Browsing all articles tagged with shell script
Oct
4

Using PS to output human readable memory usage for each process using AWK

I ran into a little issue: I wanted to list the memory usage of each process, but I wanted it to be output in human readable form (as in “df -h”).  So, after a little Googling I found a forum thread which put the idea of using awk.  A little bit later I had the solution:

Here’s what you see with normal ps:

$ ps u
 
USER PID %CPU %MEM VSZ RSS TTY STAT START TIME COMMAND
kes1 12394 0.0 0.0 107356 2052 pts/1 Ss 08:15 0:00 -sh
kes1 12648 0.5 3.2 720808 527356 pts/0 S+ 08:16 0:16 /usr/lib64/R/bin/exec/R
kes1 13682 0.0 0.0 107360 2016 pts/3 Ss 08:18 0:00 -sh

Here’s what we want to see:

USER    PID     %CPU    %MEM            VSZ             RSS     TTY     STAT    START   TIME    COMMAND
kes1    12394   0.0     0.0            104.84Mb          2.00Mb  pts/1   Ss      08:15   0:00    -sh
kes1    12648   0.7     3.2            703.91Mb        515.00Mb  pts/0   S+      08:16   0:16    /usr/lib64/R/bin/exec/R
kes1    13682   0.0     0.0            104.84Mb          1.97Mb  pts/3   Ss      08:18   0:00    -sh

And here’s how we make that happen with awk:

ps u | awk '{
for ( x=1 ; x<=4 ; x++ ) { printf("%s\t",$x) } 
for ( x=5 ; x<=6 ; x++ ) {  if (NR&gt;1) { printf("%13.2fMb\t",hr=$x/1024) }  
else { printf("\t%s\t",$x)  } 
}
for ( x=7 ; x<=10 ; x++ ) { printf("%s\t",$x) } 
for ( x=11 ; x<=NF ; x++ ) { printf("%s ",$x) } 
print "" 
}'

What does this awk script do?

There are a few different things going on here.  First, we want to print out all the non-memory fields as tab-separated text.  Second, we want to print out the memory as formatted kb and not bytes.  Also, we want everything to line up. Finally, we want to print out the process name normally (using space and not using tab separation).

First, the script prints the first 4 fields:

for ( x=1 ; x<=4 ; x++ ) { printf("%s\t",$x) }

Then, we check to see if this is the header line or not. If it is the header line, then NR (the number of records read) will be 1. If it’s not, then NR will be greater than 1. For the header, we print out the text (adding some more tabs to line things up). For the memory fields, we use printf to format the byte count as human readable text.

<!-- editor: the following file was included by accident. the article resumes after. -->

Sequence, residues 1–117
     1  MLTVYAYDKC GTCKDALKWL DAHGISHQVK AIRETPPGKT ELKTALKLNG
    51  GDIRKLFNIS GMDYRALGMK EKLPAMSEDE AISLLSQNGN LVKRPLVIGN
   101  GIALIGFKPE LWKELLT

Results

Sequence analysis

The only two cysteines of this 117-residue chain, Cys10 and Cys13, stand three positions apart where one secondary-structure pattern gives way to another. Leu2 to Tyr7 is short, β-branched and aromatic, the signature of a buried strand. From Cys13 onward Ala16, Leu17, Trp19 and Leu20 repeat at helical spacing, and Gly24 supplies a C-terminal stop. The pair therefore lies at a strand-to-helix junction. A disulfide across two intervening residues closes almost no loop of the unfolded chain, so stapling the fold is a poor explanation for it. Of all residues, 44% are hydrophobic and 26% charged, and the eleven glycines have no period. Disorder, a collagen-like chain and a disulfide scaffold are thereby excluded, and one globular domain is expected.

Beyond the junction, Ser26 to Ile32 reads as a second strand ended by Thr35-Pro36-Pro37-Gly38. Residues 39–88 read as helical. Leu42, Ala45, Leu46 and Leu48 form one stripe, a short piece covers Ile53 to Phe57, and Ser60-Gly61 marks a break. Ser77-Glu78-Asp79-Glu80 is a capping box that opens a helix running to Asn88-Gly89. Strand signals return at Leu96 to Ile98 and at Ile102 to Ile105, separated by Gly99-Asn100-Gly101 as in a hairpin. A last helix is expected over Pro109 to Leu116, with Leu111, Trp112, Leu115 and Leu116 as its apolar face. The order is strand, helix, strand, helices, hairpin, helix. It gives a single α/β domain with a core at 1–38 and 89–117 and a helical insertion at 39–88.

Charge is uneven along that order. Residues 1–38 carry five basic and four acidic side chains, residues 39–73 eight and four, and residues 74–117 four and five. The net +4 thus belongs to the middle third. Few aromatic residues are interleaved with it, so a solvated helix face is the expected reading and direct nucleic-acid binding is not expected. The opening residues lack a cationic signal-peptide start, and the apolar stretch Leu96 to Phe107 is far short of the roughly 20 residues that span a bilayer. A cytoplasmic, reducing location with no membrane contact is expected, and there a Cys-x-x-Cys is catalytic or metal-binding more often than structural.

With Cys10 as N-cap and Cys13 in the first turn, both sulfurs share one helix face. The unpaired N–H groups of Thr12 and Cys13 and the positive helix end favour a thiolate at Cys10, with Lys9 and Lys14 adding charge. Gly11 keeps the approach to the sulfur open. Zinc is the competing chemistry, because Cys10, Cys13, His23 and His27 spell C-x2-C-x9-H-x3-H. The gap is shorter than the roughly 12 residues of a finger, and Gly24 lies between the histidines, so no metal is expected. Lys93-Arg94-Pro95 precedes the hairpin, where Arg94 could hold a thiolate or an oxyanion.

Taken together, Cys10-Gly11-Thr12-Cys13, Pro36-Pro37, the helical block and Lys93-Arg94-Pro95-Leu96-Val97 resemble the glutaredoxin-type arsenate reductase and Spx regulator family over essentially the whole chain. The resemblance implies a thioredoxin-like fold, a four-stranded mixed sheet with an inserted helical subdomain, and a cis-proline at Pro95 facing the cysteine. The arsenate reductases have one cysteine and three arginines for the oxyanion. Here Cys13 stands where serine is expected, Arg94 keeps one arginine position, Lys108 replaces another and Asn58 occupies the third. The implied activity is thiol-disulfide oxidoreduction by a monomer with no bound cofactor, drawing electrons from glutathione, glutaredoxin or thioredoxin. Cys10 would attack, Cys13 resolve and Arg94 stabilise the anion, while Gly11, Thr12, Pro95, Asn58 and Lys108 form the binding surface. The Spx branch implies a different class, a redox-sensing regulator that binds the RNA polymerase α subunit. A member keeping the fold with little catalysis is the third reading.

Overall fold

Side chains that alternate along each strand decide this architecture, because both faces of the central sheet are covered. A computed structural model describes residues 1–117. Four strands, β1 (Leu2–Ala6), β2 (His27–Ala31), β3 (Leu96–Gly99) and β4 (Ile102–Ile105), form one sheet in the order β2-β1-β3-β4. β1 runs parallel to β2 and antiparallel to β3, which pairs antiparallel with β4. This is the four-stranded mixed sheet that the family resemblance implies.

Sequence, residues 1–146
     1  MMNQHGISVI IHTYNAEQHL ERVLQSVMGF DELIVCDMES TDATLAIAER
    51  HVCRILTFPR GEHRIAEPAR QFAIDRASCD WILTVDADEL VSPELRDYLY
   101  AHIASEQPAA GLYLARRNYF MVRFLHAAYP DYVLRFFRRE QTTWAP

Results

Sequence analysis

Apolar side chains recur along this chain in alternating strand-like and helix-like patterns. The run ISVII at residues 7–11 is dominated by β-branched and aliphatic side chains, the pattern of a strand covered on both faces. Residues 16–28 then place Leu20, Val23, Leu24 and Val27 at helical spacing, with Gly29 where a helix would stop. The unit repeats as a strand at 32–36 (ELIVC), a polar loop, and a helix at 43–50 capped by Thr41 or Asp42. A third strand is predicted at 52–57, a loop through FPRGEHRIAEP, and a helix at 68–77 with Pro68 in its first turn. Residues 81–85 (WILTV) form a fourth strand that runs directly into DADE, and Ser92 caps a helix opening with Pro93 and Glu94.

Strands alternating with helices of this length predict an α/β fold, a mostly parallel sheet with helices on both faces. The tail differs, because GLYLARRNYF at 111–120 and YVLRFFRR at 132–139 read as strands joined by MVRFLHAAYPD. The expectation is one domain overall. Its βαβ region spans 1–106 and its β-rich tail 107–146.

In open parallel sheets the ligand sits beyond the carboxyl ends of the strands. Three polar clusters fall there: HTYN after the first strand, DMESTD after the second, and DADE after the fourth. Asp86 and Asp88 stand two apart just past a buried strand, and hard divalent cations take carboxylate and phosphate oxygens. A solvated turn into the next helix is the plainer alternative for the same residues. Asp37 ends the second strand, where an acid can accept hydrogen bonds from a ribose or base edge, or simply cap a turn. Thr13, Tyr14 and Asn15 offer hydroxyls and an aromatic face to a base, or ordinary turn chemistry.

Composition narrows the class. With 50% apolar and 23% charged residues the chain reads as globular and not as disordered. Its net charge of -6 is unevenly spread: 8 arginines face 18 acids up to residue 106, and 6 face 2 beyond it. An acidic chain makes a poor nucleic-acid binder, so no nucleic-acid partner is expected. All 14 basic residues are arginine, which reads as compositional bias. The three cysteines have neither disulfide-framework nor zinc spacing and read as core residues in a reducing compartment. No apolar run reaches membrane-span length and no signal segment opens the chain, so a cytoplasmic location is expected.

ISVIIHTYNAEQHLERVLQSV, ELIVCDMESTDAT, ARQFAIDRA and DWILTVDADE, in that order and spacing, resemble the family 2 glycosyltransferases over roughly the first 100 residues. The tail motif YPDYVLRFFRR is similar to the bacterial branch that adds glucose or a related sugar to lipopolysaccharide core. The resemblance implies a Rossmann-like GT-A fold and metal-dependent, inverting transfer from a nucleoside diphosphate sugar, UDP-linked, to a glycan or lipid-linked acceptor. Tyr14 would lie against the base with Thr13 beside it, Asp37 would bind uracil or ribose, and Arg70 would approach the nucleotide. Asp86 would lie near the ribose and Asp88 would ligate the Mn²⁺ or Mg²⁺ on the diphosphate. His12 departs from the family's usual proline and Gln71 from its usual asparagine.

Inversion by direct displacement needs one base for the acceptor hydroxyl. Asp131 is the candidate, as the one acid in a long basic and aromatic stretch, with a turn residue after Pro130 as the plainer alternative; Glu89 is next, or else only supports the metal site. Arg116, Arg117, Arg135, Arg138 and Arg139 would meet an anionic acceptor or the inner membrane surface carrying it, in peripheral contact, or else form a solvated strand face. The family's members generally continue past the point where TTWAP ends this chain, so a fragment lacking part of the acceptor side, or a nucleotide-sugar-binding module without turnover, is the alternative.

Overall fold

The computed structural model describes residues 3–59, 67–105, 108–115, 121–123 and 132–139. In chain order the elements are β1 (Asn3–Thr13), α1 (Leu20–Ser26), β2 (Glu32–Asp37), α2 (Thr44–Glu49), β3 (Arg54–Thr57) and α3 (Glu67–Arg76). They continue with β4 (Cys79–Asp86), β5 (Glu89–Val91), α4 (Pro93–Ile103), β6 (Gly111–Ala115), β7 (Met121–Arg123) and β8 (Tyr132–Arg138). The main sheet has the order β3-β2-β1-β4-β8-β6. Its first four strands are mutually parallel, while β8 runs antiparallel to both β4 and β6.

for ( x=5 ; x<=6 ; x++ ) {  
if (NR>1) { printf("%13.2fMb\t",hr=$x/1024) }  
else { printf("\t%s\t",$x)  } 
}

Finally, we print the remaining PS fields as before, but then we switch to space-delimited fields for the process name and arguments, making sure to add a newline at the very end.

for ( x=7 ; x<=10 ; x++ ) { printf("%s\t",$x) } 
for ( x=11 ; x<=NF ; x++ ) { printf("%s ",$x) } 
print ""

Nothing to it!

Oct
31

Use an Accurate Satellite View of the Earth as your GNOME Background

This site provides an accurate satellite view of the Earth; you can see the current areas that are in sunlight and darkness, as well as being able to see the current weather patterns (updated from actual satellite weather imagery). Here’s a script that will download the latest image and set it as your GNOME background.
read more

Oct
30

Reboot or Hibernate into Windows from Ubuntu Easily

It’s often the case that I’m working on something in Ubuntu and need to switch over to Windows. For whatever reason, I got it in my head that it was too difficult to select hibernate or reboot from the power menu, wait for the system to power down, select Windows from the boot menu list, and wait for Windows to boot up. I wanted to be able to click on an icon, go get a sandwich, and walk back to a Windows login.

So, here are two scripts that accomplish this. When run, they will locate the boot entry for your Windows system, select that as the default boot entry, and either reboot or hibernate (with a restart after hibernation).
read more

Oct
29

Converting WMA files to MP3 on Linux (specifically Ubuntu) and retain tag information

I recently needed to convert a bunch of (DRM-free) WMA files to MP3 format on Ubuntu, and there’s no good tool out there to do it.  There are plenty of tutorials that tell you how to convert from WMA to WAV with Lame, then from WAV to MP3 with mplayer, but none of these tutorial talk about how that will cause you to lose all the WMA artist/album/title data.  I needed a tool that would keep the tagged data;  so, I made one.  It requires mplayer, lame, and mutagen-inspect, all of which are available from aptitude.

So, here’s my script: wma2mp3
read more

%d bloggers like this: